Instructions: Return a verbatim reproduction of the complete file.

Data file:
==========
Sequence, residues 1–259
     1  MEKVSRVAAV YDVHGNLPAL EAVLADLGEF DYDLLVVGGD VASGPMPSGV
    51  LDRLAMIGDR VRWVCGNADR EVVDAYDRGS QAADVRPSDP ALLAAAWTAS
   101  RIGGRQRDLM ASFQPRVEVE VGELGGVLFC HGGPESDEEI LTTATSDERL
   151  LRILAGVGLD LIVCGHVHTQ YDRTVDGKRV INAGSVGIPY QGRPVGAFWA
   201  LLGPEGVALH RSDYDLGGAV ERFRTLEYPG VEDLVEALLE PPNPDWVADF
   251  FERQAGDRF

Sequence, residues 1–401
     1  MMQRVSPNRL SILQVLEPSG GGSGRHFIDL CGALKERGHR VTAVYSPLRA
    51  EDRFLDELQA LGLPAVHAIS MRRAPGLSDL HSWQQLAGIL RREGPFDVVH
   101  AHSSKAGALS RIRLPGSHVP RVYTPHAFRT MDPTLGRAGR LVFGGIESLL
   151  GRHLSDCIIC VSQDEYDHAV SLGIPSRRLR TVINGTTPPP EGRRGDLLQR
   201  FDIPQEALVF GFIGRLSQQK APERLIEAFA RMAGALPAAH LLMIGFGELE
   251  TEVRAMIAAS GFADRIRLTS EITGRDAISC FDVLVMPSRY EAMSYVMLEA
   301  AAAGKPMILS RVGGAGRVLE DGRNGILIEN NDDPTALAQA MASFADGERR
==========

Sequence, residues 1–259
     1  MEKVSRVAAV YDVHGNLPAL EAVLADLGEF DYDLLVVGGD VASGPMPSGV
    51  LDRLAMIGDR VRWVCGNADR EVVDAYDRGS QAADVRPSDP ALLAAAWTAS
   101  RIGGRQRDLM ASFQPRVEVE VGELGGVLFC HGGPESDEEI LTTATSDERL
   151  LRILAGVGLD LIVCGHVHTQ YDRTVDGKRV INAGSVGIPY QGRPVGAFWA
   201  LLGPEGVALH RSDYDLGGAV ERFRTLEYPG VEDLVEALLE PPNPDWVADF
   251  FERQAGDRF

Sequence, residues 1–401
     1  MMQRVSPNRL SILQVLEPSG GGSGRHFIDL CGALKERGHR VTAVYSPLRA
    51  EDRFLDELQA LGLPAVHAIS MRRAPGLSDL HSWQQLAGIL RREGPFDVVH
   101  AHSSKAGALS RIRLPGSHVP RVYTPHAFRT MDPTLGRAGR LVFGGIESLL
   151  GRHLSDCIIC VSQDEYDHAV SLGIPSRRLR TVINGTTPPP EGRRGDLLQR
   201  FDIPQEALVF GFIGRLSQQK APERLIEAFA RMAGALPAAH LLMIGFGELE
   251  TEVRAMIAAS GFADRIRLTS EITGRDAISC FDVLVMPSRY EAMSYVMLEA
   301  AAAGKPMILS RVGGAGRVLE DGRNGILIEN NDDPTALAQA MASFADGERR